A few months ago I wrote an article sharing my experience with domestic violence, and chose to submit it for publishing following the Ray Rice story that swept the nation. Although the article remained online, I almost immediately deleted the link from my social media accounts, distancing myself from an article I had once been so proud to have written.
“You must have deserved it.” “You obviously provoked him.” “How stupid were you to stay?”
These are only a handful of the comments I received shortly after baring my soul, and telling a story that I had once been far too ashamed to tell. Today I was reminded that November is Domestic Violence Prevention Month in Canada. I was reminded of the article I wrote, and of the story that is solely mine to tell. I never forget this story, I bare the scars of my experiences every day, but I too often forget how important it is to spark this conversation. So I am doing so again, only this time I’ve prepared myself for the onslaught of negative comments and anonymous death threats I am likely to receive. Bring it on Internet trolls.
After lying on the floor alone, unable to hear out of either ear, he was gone. I couldn’t hear him slam the door or listen to tires screech as he pulled out of the driveway, but I knew, or at least I hoped, he was gone. Following a year of physical and emotional abuse, this was the breaking point I had finally reached. As I came to at the bottom of the staircase, I realized that I had to make a choice between leaving or dying. All too often these so-called “choices” are one and the same. Those who are a stranger to domestic abuse seem to always ask, “Why would you stay?” What they neglect to realize is that leaving can cause just as much harm as staying – sometimes, it’s even more dangerous. And this was the fundamental reason I stayed.
After almost a year together, I learned a lot. I learned that your bruises don’t appear as fresh when you’re tanned, but that sometimes the darker the foundation the more obvious it is that you have a bruise underneath your eye. I learned that people grow suspicious when you’re wearing a long-sleeve sweater on the warmest day of the year, but that they eventually stop asking so long as you tell them you’re “just always cold.” I learned that despite the fact that he was shameful and abusive, it was me who carried the shame and embarrassment. But most importantly I learned that reaching for the door handle has the potential to cause you far more harm than not, and that staying with your abuser can sometimes be safer than leaving.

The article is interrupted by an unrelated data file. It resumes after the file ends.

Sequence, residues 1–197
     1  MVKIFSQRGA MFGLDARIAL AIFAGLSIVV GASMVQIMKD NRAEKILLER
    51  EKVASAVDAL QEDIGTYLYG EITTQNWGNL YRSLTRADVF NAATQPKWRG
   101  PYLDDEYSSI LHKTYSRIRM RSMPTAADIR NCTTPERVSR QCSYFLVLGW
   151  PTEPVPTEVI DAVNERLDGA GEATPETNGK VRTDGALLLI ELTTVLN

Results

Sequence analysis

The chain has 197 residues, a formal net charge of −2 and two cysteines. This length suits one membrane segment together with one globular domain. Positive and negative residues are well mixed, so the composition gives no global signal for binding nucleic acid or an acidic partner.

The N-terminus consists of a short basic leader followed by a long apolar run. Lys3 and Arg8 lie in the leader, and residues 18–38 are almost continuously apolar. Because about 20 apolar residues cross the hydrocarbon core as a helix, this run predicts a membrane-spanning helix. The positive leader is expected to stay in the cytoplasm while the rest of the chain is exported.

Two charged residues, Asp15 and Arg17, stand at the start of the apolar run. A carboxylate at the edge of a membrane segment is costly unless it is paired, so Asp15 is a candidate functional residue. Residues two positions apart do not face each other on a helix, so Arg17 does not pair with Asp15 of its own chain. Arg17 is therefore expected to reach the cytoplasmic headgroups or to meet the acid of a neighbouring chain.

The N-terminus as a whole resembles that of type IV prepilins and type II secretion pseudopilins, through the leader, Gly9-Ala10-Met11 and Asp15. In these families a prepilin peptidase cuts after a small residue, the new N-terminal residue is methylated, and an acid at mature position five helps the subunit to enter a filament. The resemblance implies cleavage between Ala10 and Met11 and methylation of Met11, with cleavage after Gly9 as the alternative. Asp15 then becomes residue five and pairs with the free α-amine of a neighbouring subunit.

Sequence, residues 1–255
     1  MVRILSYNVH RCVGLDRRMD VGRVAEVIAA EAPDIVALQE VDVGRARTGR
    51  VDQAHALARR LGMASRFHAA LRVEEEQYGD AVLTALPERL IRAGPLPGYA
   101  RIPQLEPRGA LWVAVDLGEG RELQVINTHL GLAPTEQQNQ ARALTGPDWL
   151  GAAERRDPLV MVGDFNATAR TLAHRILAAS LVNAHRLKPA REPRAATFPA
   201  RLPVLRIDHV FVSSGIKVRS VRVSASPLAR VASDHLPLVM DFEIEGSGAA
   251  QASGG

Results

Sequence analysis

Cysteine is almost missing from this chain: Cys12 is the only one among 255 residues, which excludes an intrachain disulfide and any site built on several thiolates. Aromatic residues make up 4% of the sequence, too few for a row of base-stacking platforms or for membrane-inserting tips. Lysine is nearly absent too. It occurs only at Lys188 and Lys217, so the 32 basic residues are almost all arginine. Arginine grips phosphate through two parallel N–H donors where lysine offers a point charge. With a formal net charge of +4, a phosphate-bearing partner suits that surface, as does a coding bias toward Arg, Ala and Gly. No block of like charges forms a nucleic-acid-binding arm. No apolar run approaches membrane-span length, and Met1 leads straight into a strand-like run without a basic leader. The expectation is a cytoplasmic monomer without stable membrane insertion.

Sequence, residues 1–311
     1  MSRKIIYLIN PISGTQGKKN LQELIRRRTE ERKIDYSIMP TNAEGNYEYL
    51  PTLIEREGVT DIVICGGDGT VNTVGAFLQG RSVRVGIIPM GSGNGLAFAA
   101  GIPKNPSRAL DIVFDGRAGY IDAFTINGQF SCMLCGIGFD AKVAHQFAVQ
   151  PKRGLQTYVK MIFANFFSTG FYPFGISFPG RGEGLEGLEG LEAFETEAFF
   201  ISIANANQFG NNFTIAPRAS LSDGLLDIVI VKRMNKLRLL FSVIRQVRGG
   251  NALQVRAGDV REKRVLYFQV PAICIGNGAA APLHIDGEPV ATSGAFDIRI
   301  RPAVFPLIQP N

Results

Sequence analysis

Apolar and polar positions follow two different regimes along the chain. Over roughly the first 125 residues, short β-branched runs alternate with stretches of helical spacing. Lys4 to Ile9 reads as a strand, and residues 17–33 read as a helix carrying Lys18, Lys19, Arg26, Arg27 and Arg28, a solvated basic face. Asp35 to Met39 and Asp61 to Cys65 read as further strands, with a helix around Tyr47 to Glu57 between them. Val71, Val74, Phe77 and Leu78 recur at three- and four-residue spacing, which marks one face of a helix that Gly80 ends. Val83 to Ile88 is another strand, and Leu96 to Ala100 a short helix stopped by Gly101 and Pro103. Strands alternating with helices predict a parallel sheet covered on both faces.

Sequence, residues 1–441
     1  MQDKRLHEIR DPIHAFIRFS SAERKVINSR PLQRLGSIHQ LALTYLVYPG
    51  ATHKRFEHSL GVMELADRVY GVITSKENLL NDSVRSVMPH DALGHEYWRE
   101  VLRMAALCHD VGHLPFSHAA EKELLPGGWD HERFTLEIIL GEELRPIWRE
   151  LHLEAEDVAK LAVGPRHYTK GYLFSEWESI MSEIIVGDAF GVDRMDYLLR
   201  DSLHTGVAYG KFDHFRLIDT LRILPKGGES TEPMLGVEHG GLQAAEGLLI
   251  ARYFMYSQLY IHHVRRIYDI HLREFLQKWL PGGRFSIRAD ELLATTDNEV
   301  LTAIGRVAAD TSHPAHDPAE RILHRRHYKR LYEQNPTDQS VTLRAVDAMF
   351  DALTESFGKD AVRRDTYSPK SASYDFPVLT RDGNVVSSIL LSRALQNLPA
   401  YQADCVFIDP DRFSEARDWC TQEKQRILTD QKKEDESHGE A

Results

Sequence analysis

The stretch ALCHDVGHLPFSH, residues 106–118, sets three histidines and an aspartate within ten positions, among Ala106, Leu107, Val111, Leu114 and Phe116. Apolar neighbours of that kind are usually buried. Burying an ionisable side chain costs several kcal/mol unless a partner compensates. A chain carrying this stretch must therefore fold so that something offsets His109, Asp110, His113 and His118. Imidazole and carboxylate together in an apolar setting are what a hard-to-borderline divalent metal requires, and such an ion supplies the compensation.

I remember making the decision to leave, to end my relationship and finally walk away from the pain I had been enduring for so many months. It seems natural to want to run from the thing that you fear the most, but who knew it wasn’t all that simple. I endured threats toward myself and my family, I was manipulated into believing I was deserving of the abuse I received, and I was further manipulated into believing that things would change. Believe me when I say this: if you’re in an abusive relationship, things are not going to change. At least not at the hands of your abuser. I wish I had some heroic story to tell, to empower the women and the men who have endured domestic violence. But I don’t. I just left. I packed what belongings I had at his place, and I left. I was afraid he would come for me, for my family, for my friends. I spent every second of every day in fear, despite the fact that he was no longer around. Despite the constant threats, I cut off all contact. I prayed that things would eventually be okay. And they were. Months later he moved. I have not seen him since. I want to make it clear that leaving, restricting contact, and praying in desperation are not solutions to domestic violence. As strange as it is to say, I was lucky. There are millions of women and men (though we often forget that men, too, are victims of domestic violence) who are not so “lucky”; whose attempts to leave cause them more harm than good, and in some cases even result in death.
It can be easy to forget that statistics reflecting victims of domestic violence do not reflect numbers, but individuals. These numbers reflect the lives of men and women, mothers and fathers, sons and daughters, sisters and brothers, and so on and so fourth. It is for these men and women that I tell my story. I tell my story in hopes that someone else will tell theirs. That someone, somewhere, will realize that their story is not one of shame, but one of courage. That by sharing their story, they may encourage someone else to do the same. We cannot prevent domestic abuse we are unaware of. We cannot prevent domestic violence unless we are aware — aware of the experiences, realities, and accounts of those who have ever been a victim.